The photoelectric effect and the Compton effect again point to the duality of the nature of electromagnetic radiation. The models of light as a wave and also as a particle complement each other. When the photons of electromagnetic radiation are of relatively high energy, the wavelengths are short. Then the photon acts more like a particle than a wave. For example, the Compton photons were high‐energy x‐rays. When the photons of electromagnetic radiation have relatively low energy, the wavelengths are long. Radio waves are an example of less energetic photons that act more like waves than particles.
De Broglie waves
Louis de Broglie (1892–1987) postulated that because photons have both wave and particle characteristics, perhaps particles also have wave characteristics. From the energy of the photon,
the momentum of a photon can be derived:
De Broglie hypothesized that material particles with momentum p should have a wave nature and a corresponding wavelength given by his equation:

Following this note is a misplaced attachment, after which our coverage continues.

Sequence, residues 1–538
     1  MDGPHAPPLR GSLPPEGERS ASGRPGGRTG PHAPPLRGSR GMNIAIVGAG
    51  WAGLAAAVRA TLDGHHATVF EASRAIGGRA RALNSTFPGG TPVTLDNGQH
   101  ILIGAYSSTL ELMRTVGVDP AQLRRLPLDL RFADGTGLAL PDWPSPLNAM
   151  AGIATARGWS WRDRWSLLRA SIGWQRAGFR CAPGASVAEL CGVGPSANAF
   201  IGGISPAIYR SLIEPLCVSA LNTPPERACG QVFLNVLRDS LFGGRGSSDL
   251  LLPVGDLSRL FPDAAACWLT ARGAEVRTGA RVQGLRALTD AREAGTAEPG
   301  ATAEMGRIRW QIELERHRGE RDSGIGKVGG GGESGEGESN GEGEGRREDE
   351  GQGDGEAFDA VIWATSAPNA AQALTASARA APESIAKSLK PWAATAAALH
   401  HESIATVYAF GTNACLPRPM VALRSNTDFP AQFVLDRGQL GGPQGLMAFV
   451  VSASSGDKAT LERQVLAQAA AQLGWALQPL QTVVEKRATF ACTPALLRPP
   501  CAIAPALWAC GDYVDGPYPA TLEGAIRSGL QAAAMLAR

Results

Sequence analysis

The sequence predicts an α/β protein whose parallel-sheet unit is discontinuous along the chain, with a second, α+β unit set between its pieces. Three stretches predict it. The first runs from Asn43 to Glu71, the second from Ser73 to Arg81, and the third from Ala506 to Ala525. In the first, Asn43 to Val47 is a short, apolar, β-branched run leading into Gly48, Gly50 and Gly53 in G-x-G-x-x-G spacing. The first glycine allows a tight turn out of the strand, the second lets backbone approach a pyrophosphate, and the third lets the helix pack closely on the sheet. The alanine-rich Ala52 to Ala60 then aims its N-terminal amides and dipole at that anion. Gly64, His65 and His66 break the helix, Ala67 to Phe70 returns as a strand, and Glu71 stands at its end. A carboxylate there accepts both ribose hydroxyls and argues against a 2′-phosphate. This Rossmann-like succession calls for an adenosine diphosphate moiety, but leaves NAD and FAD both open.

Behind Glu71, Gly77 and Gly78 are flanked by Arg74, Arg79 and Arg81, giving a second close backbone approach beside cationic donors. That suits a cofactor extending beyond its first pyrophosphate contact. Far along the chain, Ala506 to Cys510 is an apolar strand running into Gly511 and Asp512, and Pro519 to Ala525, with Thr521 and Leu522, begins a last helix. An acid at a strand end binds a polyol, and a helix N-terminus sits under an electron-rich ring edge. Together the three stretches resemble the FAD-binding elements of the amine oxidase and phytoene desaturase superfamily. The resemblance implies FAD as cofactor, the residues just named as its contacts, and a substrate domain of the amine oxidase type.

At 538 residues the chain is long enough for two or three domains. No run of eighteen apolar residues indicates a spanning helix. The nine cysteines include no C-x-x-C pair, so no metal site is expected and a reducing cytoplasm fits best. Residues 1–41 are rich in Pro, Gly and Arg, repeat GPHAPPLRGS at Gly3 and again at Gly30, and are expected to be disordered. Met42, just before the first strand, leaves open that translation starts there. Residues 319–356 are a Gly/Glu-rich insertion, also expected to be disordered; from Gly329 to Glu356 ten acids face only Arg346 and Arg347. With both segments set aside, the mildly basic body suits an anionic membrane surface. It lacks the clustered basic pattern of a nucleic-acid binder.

Note that the de Broglie wavelength is directly proportional to h, which is a constant to the –34 power. With the relatively large masses and velocities of ordinary life, the de Broglie wavelengths are so small that they are virtually undetectable.
The Heisenberg uncertainty principle
The Heisenberg uncertainty principle, formulated by Werner Heisenberg (1901–1976), states that it is impossible to simultaneously measure a particle's position and velocity exactly. Specifically, the uncertainty in the measurements are given by
Another form of the expression refers to the uncertainty in measurements of energy and time
In principle, it is possible to make exact measurements in classical physics; however, even in principle making exact measurements is not possible in quantum mechanics. Consider finding the exact position of a charged particle that produces a spot of light when hitting a phosphor. The exact position is known, but information about the particle's momentum has changed. Or consider viewing an object under a microscope. In order to see the object, some photons must reflect off it to the eye of a viewer. These incident photons will cause uncertainties in the measurement. In other words, the very act of the measurement procedure in quantum mechanics introduces uncertainty into the data collected.